Haiti Communitere is primarily a resource center that is located close to the international airport in Port-au-Prince. They are anchored in community work and approach it by supporting organizations that are already engaged in positive change. They support them by offering services, such as a large and well-equipped workshop on site and a space to test ideas. Haiti communitere hosts a monthly community round table were community leaders come together to discuss their past and upcoming activities and how they can help each other to realize them. They have a computer lab which is at the disposal of communities and they hold trainings on topics like technology, construction, hygiene, business, and language. Haiti Communitere is also an exposition site for green and sustainable building methods and alternative sanitation systems. They run a social enterprise to keep themselves financially stable and independent. They offer housing (from tents and dorms to private rooms) to international groups and individuals in order to share overhead and provide opportunities for people to connect with each other and the communities where their projects are implemented.
Haiti Communitere is a part of the Communitere International network.
Earthship living space[edit | edit source]
The earthship living space was built at Haiti Communitere as a response to the 2010 earthquake. It serves as a demonstration for how homes can be built from waste material like tires, plastic bottles, and rubble from the earthquake. The base of the earthship is made with tires stacked seven high within the walls. Above the tires are the plastic bottle walls. The dome roof was made with steel bars along with with shredded cardboard and styrofoam in rice bags and plastic bags for insulation. The earthship incorporates concepts like temperature regulation, solar energy, sewage treatment, upcycled materials, water harvesting, and food production. A solar panel charges a battery, which provides the necessary energy for the earthship living space. The other mentioned concepts are discussed under the images in the gallery. For an animated explanation of the process please see the #Videos below. The total project cost was about USD$4000, and it took around 20 people 10 days to construct the entire structure with pre-prepared materials. The structure used about 10,000 plastic bottles, and just under 100 tires that would have otherwise remained in the waste stream.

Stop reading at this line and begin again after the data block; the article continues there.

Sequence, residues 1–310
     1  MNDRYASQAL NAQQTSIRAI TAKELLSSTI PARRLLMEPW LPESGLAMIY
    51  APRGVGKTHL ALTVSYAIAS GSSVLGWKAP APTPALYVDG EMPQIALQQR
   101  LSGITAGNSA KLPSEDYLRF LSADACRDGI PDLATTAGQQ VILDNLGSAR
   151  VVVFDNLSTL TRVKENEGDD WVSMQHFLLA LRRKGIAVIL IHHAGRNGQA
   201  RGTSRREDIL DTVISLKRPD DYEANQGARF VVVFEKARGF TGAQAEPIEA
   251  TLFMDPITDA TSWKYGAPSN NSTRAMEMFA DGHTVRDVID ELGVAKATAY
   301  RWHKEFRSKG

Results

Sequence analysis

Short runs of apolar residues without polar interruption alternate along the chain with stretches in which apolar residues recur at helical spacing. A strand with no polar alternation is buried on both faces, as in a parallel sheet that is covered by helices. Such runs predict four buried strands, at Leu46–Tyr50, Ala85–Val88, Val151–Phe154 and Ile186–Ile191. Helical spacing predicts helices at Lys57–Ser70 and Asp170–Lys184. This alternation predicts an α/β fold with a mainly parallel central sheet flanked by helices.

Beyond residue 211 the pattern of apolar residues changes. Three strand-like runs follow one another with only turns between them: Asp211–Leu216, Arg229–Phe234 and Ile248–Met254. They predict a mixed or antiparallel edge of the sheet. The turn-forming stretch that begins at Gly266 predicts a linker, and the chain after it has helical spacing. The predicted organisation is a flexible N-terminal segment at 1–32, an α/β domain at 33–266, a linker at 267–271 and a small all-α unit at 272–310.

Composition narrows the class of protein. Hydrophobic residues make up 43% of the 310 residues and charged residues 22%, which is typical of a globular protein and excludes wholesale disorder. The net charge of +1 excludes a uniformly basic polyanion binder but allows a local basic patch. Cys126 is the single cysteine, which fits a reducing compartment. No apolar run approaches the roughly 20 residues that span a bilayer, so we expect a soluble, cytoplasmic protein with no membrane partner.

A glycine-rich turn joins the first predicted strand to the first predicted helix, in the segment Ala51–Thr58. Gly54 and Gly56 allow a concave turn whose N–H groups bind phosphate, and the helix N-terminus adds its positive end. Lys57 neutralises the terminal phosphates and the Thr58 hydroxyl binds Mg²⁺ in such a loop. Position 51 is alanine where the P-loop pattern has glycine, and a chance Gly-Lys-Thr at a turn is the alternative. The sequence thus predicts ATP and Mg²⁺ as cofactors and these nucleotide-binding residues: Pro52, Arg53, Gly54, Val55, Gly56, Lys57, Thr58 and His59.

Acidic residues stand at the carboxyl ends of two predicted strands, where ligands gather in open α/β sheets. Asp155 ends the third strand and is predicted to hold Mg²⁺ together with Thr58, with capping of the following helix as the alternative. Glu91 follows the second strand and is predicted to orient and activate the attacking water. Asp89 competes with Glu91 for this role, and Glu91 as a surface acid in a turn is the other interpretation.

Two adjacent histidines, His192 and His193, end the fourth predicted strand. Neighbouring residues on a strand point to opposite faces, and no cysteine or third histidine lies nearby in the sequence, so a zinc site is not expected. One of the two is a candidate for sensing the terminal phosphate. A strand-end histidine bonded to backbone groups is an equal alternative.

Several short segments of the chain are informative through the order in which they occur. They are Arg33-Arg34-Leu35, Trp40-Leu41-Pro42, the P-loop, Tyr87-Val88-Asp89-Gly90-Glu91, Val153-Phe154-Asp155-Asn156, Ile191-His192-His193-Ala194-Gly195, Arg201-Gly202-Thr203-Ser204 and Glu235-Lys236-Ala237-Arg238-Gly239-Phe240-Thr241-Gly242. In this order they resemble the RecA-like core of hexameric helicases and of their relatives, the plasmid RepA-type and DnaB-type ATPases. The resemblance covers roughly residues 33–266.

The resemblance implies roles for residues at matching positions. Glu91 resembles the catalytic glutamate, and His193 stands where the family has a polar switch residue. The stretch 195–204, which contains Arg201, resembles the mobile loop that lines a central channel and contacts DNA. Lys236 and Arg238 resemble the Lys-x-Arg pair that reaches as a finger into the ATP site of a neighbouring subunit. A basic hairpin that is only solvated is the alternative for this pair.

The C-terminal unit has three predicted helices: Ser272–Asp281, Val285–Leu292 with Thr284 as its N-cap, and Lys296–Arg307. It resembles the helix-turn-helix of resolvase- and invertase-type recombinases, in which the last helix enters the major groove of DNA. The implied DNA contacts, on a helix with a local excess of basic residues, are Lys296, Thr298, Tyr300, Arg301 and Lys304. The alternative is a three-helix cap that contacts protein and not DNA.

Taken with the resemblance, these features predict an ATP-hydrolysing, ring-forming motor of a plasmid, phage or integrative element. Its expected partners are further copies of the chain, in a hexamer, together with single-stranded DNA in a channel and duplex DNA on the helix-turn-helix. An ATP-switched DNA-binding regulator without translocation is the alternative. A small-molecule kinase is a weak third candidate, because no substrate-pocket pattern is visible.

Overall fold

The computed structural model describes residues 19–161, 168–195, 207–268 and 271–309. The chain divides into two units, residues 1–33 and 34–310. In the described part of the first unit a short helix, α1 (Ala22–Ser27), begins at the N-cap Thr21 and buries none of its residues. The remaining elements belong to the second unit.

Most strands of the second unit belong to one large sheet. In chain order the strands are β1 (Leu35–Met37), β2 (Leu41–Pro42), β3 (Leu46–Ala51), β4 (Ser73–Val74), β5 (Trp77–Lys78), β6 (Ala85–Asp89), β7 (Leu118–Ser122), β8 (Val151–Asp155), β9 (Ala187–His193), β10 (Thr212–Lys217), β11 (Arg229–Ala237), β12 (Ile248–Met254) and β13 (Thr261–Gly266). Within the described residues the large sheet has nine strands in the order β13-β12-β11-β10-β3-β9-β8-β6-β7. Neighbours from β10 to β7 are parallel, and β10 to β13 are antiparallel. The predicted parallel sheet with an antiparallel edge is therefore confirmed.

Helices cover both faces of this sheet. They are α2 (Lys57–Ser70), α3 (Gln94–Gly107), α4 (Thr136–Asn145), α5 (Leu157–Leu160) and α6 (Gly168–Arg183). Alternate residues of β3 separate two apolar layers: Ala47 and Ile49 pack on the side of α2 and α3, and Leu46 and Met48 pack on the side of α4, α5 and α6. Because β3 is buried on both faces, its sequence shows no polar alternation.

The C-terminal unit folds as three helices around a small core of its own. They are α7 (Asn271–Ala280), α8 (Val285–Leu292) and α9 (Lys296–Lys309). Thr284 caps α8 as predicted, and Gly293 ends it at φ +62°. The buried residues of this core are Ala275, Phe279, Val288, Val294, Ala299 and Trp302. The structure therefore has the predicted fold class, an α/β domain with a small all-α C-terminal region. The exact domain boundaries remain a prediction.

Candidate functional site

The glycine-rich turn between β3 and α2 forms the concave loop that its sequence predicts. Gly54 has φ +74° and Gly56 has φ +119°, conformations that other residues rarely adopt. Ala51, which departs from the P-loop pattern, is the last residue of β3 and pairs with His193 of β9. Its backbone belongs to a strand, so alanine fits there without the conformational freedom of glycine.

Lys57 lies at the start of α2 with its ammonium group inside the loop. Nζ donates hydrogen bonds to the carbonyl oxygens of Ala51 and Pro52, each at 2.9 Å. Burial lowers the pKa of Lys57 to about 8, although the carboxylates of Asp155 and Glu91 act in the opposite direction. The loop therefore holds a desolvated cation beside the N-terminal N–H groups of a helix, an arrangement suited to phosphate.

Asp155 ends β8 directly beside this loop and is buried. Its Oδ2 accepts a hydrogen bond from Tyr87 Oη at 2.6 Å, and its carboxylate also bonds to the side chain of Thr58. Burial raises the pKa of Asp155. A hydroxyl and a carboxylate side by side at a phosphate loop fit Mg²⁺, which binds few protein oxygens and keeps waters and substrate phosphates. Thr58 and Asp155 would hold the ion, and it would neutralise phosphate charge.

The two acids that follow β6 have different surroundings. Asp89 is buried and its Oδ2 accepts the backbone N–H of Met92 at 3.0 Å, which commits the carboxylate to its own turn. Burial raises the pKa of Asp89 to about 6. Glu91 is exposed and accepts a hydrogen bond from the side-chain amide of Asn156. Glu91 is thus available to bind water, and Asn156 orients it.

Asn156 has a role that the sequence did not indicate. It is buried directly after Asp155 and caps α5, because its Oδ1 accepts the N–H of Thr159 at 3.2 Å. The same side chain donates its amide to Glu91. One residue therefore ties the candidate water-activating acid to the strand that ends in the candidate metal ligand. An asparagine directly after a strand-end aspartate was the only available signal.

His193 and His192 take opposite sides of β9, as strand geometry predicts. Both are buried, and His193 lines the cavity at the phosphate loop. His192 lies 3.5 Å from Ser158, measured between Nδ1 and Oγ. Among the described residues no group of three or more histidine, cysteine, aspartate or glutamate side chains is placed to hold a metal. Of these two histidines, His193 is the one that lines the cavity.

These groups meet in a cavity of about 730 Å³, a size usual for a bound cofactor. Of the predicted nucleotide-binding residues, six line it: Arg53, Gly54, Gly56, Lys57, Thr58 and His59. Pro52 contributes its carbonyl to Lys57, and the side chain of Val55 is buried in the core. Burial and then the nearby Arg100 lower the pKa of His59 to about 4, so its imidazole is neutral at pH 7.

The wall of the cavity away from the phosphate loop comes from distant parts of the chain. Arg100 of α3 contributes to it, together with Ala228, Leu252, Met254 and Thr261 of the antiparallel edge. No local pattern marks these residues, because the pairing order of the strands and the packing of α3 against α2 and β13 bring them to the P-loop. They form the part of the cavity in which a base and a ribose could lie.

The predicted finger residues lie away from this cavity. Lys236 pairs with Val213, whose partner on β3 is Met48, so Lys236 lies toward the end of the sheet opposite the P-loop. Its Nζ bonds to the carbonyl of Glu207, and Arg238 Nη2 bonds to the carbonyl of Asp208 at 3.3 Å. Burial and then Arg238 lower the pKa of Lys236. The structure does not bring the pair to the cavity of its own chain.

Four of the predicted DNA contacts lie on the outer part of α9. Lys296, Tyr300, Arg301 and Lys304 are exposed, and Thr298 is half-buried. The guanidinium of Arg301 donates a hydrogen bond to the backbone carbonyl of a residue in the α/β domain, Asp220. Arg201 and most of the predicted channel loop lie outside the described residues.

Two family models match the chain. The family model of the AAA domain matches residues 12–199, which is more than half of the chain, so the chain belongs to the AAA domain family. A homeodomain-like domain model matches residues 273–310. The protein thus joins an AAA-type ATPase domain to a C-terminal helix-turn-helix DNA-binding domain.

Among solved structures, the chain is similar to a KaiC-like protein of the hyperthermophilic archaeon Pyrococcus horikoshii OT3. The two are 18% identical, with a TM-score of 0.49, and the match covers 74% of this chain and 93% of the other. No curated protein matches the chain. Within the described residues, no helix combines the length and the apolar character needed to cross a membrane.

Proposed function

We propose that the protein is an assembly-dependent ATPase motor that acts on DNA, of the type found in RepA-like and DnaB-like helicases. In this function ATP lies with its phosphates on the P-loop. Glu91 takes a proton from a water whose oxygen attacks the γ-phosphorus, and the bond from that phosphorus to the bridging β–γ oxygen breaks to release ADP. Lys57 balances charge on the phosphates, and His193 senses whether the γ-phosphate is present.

Ubuntu Blox hoouse[edit | edit source]
Ubuntu Blox are a building technology that was developed by Harvey Lacey. Ubuntu Blox projects have been implemented in Haiti to build structures with upcycled waste. Ubuntu Blox houses can take about one forty foot shipping container's worth of Styrofoam out of the waste stream. The Styrofoam is collected, crushed, and bleached before it is put into rice sacks to make the blocks. The blocks are held together with wire and stacked on top of each other in between rebar. The blocks are then plastered over. The final structure is lightweight and flexible, making it highly resistant to earthquakes, and less dangerous if it does collapse. An Ubuntu Blox house has survived a. 8.3 shaketable test with only minor plaster damage. Ubuntu Blox houses have been built in Cité Soleil, Jacmel, and Haiti Communitere.
Aquaponics[edit | edit source]
In December of 2011 Ecofficiency built an aquaponics system in Haiti Communitere. The system is comprised of three plant beds and three fish tanks, and each set of plant bed with fish tank cycled water independently of the other two. The same pump cycled water for all three systems. The system was built almost entirely out of local materials either found at Haiti Communitere or purchased nearby. Ecofficiency brought the visqueen plastic lining for the plant beds and the filters to Haiti. The plumbing was purchased at the local Eko Depot. Reclaimed wood was used to build the approximately 14 square foot plant beds. The system supported tilapia fish, and veggies like peppers and tomatoes. When Ecofficiency installed the system the pump was powered by grid electricity. Just under a year after the systems initial installation another group added a solar panel and battery system to run the pump independently of the grid. However, the panel and battery could not provide the pump with a reliable enough energy source, and the system failed. As of July 2014 the aquaponics system was not in operation.
Biodigester toilet[edit | edit source]